For as long as we have been gathering the data, more babies have died before reaching their first birthday (so-called infant deaths) than those who died in the second half of pregnancy (aka stillborns). Until now. Researchers with the National Center for Health Statistics yesterday released a report that shows while infant deaths have declined by 11% since 2006, the mortality rate of fetuses between 20 and 40 weeks gestation has stayed put in that time. Which means that in 2013, the number of stillbirths (23,595) actually surpassed the number of infant deaths (23,446) for the first time. Still, the difference is small. "There was less than 1% more fetal deaths," report author Elizabeth Gregory tells the New York Times.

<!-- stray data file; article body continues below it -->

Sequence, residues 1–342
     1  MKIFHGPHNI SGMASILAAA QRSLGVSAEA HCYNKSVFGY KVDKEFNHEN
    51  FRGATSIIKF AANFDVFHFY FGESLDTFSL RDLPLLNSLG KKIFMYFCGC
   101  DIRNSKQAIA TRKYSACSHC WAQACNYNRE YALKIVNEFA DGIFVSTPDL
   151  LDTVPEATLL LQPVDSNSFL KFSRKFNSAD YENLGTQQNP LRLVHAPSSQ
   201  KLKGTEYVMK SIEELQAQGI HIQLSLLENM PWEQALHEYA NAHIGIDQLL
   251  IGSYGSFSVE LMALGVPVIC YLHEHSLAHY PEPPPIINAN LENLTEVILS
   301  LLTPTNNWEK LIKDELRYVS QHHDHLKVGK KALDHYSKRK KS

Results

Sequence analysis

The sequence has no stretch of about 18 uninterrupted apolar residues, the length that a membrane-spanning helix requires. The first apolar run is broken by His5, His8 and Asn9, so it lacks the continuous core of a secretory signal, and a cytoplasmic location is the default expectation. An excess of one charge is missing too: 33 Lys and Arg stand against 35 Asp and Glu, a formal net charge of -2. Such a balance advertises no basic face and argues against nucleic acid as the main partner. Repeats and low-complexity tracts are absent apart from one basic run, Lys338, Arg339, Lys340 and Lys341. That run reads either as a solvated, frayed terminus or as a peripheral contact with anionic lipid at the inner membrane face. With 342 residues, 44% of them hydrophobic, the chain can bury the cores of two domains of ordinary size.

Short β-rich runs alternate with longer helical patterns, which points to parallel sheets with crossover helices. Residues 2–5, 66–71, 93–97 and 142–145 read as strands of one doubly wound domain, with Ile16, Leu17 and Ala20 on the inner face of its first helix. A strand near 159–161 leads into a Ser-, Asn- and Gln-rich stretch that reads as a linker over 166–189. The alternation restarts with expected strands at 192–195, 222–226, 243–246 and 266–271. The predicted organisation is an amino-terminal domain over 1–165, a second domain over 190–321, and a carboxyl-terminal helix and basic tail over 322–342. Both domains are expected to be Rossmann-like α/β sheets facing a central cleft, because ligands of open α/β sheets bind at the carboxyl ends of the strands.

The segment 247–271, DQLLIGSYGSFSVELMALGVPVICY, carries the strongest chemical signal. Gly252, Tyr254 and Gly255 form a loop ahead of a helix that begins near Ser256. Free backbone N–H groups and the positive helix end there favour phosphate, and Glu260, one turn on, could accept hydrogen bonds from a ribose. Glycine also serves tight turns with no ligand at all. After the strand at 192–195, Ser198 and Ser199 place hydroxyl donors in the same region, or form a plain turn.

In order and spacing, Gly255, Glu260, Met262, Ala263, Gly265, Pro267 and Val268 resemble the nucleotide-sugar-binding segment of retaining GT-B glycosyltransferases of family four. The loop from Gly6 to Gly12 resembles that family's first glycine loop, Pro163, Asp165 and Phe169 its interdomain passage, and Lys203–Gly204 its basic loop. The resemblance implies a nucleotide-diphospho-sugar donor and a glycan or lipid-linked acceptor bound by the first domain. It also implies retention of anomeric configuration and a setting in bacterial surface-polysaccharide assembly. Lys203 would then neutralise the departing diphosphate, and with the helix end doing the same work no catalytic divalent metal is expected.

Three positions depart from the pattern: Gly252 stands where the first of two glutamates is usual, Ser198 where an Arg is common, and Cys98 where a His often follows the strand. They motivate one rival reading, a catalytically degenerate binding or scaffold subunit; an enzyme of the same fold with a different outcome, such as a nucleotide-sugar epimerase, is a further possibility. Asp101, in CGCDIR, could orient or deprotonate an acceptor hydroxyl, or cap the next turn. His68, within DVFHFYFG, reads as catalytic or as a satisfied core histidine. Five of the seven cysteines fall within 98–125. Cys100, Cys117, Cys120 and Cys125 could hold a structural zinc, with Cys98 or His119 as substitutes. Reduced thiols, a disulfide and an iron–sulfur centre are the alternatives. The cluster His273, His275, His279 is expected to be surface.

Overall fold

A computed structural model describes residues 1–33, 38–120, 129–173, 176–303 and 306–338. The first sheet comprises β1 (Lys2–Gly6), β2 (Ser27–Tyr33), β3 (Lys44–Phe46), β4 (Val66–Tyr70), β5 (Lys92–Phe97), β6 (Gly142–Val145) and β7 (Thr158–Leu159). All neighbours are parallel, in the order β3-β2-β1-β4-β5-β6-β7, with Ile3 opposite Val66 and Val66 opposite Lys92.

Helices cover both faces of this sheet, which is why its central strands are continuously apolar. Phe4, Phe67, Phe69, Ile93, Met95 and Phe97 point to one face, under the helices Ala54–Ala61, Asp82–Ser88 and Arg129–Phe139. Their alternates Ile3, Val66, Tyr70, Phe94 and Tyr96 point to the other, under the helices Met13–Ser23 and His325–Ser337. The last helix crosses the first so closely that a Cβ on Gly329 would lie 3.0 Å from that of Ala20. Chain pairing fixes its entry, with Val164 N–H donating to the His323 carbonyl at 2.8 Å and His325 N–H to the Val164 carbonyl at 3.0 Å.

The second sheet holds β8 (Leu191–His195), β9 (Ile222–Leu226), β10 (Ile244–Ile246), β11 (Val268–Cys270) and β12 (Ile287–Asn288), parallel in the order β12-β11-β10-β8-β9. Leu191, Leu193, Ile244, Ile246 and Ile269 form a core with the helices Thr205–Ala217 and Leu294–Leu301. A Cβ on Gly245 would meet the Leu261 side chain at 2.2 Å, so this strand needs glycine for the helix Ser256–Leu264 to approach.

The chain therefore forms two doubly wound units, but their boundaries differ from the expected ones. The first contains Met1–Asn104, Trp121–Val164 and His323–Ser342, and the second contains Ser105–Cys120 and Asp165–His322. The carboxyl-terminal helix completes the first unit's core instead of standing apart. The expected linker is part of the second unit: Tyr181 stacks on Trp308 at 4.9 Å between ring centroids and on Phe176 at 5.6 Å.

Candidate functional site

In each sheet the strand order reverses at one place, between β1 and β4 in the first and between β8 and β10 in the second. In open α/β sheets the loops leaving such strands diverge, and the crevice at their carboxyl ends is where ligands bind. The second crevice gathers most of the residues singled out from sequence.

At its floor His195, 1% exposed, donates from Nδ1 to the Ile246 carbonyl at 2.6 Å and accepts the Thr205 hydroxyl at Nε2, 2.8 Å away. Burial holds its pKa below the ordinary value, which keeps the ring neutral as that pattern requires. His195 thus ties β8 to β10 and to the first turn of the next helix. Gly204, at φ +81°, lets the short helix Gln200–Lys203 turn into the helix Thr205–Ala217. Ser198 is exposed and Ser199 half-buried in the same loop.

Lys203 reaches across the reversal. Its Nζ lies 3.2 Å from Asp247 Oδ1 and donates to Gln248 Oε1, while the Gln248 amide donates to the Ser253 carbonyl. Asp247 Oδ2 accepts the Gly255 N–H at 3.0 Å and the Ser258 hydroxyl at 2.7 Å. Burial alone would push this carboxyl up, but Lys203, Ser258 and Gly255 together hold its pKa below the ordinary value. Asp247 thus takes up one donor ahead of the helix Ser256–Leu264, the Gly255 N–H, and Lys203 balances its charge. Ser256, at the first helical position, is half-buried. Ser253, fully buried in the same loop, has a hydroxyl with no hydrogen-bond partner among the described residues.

Between 1990 and 2006, the rate of stillbirths actually declined rapidly, falling nearly 20% from 7.49 deaths per 1,000 to 6.05, according to the Child Health USA 2013 report. And while genetic abnormalities, infections, and complications from placental or umbilical cord problems are often implicated, many of these deaths remain a mystery. Race seems to play a role, with black moms twice as likely as whites and Asians to have a stillborn—a disparity that persists even with access to early prenatal care. Stillbirths are also more common in women 35 and older, and most common in teens 15 and younger. And there are slightly more male stillbirths than female ones. (This woman chose to bathe and change her stillborn, whom she delivered at 38 weeks, because "that's all you have.")